Orange’s keynote, of sorts, came in what they called a Ã¢â‚¬ËœPow Wow’ Ã¢â‚¬â€œ which fitted nicely into the whole camp theme they have going on at the event.
It’s not an event geared to announce major amounts of news, it’s really for developers and partners of Orange just to get together.
We’re just here to sit in on the briefings and really get an insight to the inside of what goes on between Orange and the people they interact with. These are the people that are responsible for the applications, their delivery to and with Orange all for the handsets.
Kicking things off, and was really the only one announcement from the event was Yves Tyrode, the executive vice president of their new venue Technocentr.
Who made the bold claim that Orange Ã¢â‚¬Ëœaims to delivering 15% of their turnover from innovation in 2010′. This is from a new process where their R&D and marketing work hand in hand on new ventures, with the delivery people too. All to solidify the complete process and make everything much easier for all involved in terms of getting new technology to market.
They’ve set up centres for this all around the world, from Beijing to London. With the latter being the news of the day. This new Technocentre now represents a big investment by Orange, and will expand on the work on products and services for over 170 million France Telecom customers on 115 Orange brands. Here, all those key departments are in the same place, at the same time, helping and aiding each other for the best possible concept.
StÃƒÂ©phane Gruber, the head of applications & services delivery for Orange speech ran with the concept of Ã¢â‚¬Ëœmobile multimedia delivering a personal customer experience’.
Where the phrase Ã¢â‚¬Ëœmobile multimedia’ kept cropping up in various briefings we attended that morning, and subsequently too Ã¢â‚¬â€œ just stamping a theme on the event for us.
His main focus was just to highlight to developers that they’re aware mobiles are moving more and more towards delivering a complete multimedia experience, and that they really need address this.
He went on to produce some interesting stats that we hadn’t seen before; over 3.5 billion people have a mobile phone and only around 11% of customers are consuming 71% of data.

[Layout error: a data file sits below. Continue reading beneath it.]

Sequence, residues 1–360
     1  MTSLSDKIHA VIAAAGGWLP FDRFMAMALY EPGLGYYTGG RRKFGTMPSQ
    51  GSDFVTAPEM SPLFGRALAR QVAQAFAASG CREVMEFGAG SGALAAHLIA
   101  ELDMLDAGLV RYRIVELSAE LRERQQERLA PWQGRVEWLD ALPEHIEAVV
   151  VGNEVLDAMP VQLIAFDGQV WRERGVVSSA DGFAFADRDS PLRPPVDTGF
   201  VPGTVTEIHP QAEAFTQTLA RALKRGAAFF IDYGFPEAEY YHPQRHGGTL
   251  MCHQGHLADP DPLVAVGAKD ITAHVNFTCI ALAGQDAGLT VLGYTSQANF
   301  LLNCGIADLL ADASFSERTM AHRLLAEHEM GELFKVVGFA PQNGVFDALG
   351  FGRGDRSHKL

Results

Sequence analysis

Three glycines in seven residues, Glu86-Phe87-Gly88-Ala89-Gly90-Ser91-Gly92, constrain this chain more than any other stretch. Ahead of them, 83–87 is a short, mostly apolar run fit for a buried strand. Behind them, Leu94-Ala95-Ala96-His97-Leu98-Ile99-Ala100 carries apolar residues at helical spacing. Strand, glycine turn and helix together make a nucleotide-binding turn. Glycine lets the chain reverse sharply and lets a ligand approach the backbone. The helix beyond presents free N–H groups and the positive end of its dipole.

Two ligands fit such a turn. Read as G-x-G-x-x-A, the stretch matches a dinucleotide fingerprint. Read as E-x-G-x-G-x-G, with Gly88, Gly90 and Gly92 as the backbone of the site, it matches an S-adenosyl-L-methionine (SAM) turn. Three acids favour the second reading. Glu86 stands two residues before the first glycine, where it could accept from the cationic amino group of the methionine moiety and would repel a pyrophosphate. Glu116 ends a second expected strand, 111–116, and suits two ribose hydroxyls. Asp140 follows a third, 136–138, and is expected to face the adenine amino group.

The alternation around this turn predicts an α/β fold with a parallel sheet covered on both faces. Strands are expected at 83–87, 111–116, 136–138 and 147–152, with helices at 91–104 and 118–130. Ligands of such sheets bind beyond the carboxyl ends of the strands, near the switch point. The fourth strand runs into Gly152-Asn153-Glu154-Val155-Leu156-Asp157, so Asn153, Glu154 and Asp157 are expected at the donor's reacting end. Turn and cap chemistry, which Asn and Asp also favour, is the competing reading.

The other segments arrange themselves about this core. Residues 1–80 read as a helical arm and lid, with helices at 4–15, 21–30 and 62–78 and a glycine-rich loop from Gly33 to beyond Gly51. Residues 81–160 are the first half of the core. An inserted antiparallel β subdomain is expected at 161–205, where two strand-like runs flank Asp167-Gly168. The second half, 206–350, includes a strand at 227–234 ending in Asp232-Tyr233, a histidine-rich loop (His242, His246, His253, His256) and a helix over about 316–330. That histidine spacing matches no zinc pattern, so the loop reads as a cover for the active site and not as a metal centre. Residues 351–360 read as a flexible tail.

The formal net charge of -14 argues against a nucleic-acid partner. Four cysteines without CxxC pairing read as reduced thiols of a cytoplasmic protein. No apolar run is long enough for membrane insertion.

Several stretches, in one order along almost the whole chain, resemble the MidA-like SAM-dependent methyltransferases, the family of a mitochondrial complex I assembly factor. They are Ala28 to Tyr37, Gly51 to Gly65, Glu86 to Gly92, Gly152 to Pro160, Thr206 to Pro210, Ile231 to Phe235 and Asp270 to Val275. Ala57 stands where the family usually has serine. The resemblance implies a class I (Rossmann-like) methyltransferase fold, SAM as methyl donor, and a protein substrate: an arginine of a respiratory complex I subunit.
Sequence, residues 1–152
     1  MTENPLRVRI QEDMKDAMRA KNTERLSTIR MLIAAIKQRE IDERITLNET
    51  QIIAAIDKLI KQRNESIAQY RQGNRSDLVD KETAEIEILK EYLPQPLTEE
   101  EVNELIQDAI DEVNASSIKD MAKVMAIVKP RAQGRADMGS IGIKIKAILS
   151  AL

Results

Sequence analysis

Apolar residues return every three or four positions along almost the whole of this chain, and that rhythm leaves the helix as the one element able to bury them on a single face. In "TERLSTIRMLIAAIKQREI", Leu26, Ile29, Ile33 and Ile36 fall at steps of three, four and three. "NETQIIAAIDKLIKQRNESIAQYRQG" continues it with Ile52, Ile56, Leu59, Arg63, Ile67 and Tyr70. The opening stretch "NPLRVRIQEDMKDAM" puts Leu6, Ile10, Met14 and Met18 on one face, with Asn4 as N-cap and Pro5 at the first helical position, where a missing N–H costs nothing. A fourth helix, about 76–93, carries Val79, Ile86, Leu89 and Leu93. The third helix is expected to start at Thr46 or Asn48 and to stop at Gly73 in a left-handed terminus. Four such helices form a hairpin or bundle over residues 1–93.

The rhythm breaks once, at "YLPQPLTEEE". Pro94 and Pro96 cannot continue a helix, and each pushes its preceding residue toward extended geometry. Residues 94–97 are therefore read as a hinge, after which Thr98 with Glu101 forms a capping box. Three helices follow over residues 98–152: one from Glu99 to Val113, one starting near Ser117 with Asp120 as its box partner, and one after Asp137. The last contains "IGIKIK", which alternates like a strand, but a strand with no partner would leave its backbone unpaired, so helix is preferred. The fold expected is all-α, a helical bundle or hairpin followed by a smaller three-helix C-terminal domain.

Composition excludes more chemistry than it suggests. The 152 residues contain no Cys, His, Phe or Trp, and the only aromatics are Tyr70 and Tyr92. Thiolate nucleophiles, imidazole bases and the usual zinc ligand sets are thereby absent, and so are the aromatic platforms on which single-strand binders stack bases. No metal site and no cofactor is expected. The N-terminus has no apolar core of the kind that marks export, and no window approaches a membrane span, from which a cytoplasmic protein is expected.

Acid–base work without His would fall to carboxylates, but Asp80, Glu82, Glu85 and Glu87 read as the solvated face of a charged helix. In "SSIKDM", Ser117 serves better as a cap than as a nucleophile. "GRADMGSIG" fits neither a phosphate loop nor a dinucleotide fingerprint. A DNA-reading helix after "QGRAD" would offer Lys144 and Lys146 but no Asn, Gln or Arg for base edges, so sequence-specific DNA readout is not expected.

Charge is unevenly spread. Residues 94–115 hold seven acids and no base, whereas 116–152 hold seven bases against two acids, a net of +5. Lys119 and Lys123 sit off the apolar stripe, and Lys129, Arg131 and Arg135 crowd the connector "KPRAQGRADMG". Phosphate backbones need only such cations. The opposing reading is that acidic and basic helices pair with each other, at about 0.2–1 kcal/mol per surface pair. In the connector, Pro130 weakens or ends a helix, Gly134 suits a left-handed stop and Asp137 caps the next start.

Where they’re going next to is to grab the remaining 89%, with new services and get better at offering up Ã¢â‚¬Ëœsmart’ relevant content to engage their customers. Which all seems fine and is what this event is all about.
They’re aiming all this at what Orange called the Ã¢â‚¬Ëœsignature portfolio’, which in our terms is their flagship range of devices that really standout.
These began with a single HTC device they offered back in 2002 running Windows Mobile, to more than 50 devices in 2006 from all major handsets manufactures and with all known platforms onboard.
This reach a ceiling in their books just a year later, where they were turfing out a new mobile launch every 5 days in those key 10 countries, out of the 28 they are currently in. Whoa!
Controversially, they showed Android as one of the partners in the keynote presentation. When the PowerPoint presentation came back to us, the logo was missing.
The question mark in the image below was where it was in the speech, just for your amusement and bemusement too.
** UPDATE: We’ve been subsequently told, the image was taken out to move the focus on the people at the event. Hmmmm … :UPDATE **
Patrice Slupowski, the director web 2.0 product marketing had some interesting things to say.
There was another frequently used topic we picked up upon at the Orange event, the idea of Ã¢â‚¬Ëœ3 screens’.
Orange have in their mind they work across trios screens, mobile, TV and the web.
On the internet they have 55 million unique visitors monthly worldwide, they said they hold the number 3 spot in France the 5th in Spain and are number 2 in Poland.
In terms of mobile phone customers, they said they have 117 million mobile customers worldwide, 23 million with mobile broadband. Most of which we were aware of the size of, but seeing it all laid out like that just emphased Orange’s position.
What we didn’t know was just how successful their IP TV taking up was, they’re in 1.7 million households in European. This is a feat in itself with all the completion around. Also, needed is around 4mbit/s to deliver this service, which isn’t really everywhere.
They do offer however, in areas of France and Poland satellite IP TV where they cannot receive decent DSL coverage. This is where the request for data is made of a normal dial-up connection, and the Orange IP TV data is pulled down via the satellite dish. Ingenious!
We’ve fired off some emails to their competitors, just to get a more rounded and fair picture – we’ll report back on our findings.
We’ll bring you more from the event when more relevant topics arise .